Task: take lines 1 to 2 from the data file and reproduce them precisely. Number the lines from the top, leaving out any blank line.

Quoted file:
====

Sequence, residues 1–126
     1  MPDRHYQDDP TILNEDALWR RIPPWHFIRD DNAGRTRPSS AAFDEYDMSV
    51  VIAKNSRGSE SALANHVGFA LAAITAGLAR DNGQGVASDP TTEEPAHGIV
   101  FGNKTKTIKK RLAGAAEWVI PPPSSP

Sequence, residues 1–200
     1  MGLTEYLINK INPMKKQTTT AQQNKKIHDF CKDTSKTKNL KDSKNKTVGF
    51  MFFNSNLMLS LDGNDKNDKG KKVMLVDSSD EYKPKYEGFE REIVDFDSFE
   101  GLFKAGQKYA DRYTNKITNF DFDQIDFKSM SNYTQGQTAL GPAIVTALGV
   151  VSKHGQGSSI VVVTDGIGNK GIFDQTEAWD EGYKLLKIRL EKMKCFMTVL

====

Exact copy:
Sequence, residues 1–126
     1  MPDRHYQDDP TILNEDALWR RIPPWHFIRD DNAGRTRPSS AAFDEYDMSV